NERC Raises Meter Price on Macroeconomic Pressures

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Monday, November 15, 2021 / 12:07 AM /  By CSL Research / Header Image Credit: BBC

 

Based on news reports, electricity consumers in the country will, effective today, November 15, pay an additional 31% and 32% on the costs of both single-phase and three-phase meters, respectively. In the document obtained by the media sources, the Federal Government through the Nigerian Electricity Regulatory Commission (NERC) increased the price of a single-phase meter to N58,661.69 from N44,896.17 and the unit price of a three-phase meter to N109,684.36 from N82,855.19. According to the Commission, the continued impact of inflationary pressures and foreign exchange scarcity caused the upward review of the unit cost of the meters, a situation it also witnessed when it raised the prices of meters in June 2020. However, the price review is still subject to change upon the conclusion of the procurement process under Phase 1 of the National Mass Metering Programme.


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It is unclear if the price increment only applies to meters under the Meter Asset Provider (MAP) scheme as meters under the National Mass Metering Programme (NMMP) as promised by the government is expected to be free. A Punch news report quotes the special assistant to the President on infrastructure, Ahmed Zakari, as saying that meters under the NMMP remain free and the price change will not affect consumers who get under the NMMP. In addition, he stated that 90% of the meters coming into the market would go through the mass metering programme in the near term.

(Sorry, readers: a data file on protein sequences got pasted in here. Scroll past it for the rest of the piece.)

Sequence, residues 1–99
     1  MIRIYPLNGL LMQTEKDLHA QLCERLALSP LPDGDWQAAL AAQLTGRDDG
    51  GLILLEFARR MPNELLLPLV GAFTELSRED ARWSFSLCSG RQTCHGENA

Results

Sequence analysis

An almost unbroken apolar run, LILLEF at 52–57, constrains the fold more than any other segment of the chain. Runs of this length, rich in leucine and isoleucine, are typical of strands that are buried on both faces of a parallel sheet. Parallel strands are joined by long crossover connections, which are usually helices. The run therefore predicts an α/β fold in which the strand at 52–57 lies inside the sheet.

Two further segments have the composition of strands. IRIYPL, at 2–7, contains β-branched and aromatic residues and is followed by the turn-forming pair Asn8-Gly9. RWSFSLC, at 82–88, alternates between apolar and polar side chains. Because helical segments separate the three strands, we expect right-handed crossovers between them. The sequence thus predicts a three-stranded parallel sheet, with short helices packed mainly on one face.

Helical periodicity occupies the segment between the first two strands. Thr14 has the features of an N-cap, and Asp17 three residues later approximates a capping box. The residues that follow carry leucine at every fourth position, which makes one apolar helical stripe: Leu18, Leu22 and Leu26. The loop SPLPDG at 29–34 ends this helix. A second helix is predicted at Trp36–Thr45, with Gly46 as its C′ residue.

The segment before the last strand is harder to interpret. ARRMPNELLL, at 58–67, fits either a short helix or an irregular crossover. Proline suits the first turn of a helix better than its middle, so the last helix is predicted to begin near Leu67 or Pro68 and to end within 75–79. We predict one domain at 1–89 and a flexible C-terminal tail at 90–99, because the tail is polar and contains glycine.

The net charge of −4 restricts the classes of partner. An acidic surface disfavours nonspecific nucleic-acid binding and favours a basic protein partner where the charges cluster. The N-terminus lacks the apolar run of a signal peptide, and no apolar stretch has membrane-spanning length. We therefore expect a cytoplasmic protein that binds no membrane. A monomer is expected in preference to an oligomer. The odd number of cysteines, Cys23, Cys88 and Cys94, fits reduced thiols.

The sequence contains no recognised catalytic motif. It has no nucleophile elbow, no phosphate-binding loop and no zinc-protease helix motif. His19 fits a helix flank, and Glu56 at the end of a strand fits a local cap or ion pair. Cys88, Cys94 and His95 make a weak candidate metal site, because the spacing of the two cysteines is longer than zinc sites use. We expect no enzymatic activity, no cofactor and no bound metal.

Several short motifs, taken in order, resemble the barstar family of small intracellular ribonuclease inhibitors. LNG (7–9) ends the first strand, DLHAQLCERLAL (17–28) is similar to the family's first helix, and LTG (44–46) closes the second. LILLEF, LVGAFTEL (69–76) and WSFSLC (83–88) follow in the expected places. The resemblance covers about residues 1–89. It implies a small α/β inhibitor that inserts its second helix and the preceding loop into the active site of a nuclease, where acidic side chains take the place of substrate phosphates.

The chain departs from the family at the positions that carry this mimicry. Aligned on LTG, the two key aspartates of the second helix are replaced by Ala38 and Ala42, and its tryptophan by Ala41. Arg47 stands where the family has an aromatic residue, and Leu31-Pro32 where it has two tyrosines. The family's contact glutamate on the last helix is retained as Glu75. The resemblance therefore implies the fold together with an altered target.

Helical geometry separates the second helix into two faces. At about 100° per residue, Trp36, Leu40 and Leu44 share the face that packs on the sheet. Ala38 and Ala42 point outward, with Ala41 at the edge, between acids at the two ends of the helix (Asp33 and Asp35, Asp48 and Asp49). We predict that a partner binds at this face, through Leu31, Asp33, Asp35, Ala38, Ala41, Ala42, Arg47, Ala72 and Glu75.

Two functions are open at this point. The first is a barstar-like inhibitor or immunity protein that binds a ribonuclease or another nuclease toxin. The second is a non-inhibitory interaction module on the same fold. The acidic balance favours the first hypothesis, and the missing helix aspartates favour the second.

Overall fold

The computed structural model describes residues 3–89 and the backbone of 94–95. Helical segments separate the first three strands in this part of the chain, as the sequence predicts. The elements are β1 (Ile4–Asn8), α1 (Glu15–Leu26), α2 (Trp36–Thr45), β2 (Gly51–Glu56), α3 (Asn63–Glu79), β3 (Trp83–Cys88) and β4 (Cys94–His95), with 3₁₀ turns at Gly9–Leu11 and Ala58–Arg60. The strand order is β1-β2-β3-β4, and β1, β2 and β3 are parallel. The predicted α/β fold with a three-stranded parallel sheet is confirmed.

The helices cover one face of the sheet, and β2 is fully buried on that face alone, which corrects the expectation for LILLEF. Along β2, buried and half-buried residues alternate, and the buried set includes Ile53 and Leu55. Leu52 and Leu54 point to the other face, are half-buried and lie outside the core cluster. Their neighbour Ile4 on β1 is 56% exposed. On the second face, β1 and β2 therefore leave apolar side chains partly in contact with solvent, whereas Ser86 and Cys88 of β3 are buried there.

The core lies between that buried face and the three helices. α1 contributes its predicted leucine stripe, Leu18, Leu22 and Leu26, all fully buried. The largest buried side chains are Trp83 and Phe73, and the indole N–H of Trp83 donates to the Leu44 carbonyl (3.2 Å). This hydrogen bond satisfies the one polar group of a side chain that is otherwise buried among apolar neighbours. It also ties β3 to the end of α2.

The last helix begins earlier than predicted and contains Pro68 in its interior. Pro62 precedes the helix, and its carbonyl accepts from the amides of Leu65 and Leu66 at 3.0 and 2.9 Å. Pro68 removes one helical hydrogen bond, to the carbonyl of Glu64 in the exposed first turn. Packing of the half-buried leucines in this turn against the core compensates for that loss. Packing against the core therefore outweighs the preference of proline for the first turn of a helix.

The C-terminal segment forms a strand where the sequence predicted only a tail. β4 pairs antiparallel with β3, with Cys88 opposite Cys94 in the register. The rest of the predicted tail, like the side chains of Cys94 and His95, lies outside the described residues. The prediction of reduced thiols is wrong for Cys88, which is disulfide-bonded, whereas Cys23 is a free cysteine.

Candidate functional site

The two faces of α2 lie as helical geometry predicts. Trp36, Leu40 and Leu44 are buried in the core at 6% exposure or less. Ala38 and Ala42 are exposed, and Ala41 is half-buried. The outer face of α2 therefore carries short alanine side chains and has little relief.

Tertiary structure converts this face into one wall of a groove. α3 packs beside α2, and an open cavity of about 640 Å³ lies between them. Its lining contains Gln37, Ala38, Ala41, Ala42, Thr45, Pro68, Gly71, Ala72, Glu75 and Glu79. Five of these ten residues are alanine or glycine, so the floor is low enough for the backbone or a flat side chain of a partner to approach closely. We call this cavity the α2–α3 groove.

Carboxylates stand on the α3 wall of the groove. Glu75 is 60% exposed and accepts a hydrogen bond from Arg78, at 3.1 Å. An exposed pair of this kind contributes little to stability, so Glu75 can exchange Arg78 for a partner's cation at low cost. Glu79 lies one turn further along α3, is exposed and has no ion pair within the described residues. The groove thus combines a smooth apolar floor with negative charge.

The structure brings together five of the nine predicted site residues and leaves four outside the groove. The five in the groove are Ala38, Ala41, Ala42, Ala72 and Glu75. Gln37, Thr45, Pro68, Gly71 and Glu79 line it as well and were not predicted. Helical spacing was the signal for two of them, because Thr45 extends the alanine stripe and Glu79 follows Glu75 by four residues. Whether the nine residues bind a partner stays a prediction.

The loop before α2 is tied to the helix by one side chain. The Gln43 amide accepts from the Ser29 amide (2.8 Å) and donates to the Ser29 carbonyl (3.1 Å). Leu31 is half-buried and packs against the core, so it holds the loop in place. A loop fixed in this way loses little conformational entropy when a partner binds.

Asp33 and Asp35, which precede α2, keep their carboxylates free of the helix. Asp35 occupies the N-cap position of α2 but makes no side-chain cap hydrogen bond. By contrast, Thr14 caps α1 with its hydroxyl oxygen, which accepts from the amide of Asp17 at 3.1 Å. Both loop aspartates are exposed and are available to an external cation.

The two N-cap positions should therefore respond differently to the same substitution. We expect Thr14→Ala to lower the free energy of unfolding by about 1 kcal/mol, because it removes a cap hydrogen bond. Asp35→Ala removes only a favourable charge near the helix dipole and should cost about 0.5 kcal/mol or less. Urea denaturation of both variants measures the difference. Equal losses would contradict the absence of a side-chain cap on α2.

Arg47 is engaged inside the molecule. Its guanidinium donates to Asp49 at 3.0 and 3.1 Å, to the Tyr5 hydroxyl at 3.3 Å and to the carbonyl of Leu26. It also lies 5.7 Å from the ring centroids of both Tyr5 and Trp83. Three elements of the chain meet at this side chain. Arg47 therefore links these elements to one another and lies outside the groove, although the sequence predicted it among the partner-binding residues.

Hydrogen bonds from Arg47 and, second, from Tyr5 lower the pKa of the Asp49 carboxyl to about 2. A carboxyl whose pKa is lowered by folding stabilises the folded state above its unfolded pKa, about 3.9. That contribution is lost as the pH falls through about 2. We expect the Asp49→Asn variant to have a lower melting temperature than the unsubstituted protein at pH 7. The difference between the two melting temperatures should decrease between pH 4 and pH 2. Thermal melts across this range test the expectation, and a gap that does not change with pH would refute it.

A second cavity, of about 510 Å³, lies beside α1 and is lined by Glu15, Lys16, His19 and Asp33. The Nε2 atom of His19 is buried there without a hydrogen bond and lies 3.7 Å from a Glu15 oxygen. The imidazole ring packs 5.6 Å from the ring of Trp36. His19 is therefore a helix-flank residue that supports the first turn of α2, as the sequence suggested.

Barely 1.3m meters have been deployed under both the MAP scheme and NMMP as of August, compared with a metering gap of over 6m, implying that most consumers under the estimated billing system still do not have access to meters.

 

Ineffective metering remains a major clog to the progress of power sector reforms in the country. The already pressured consumers who are still battling with the recent rise in key consumer utilities such as gas will most likely be unable to pay for meters. As things stand, many end-users will be forced to remain on the estimated billing system, especially with the slow progress in deploying meters even after paying the increased price.

 

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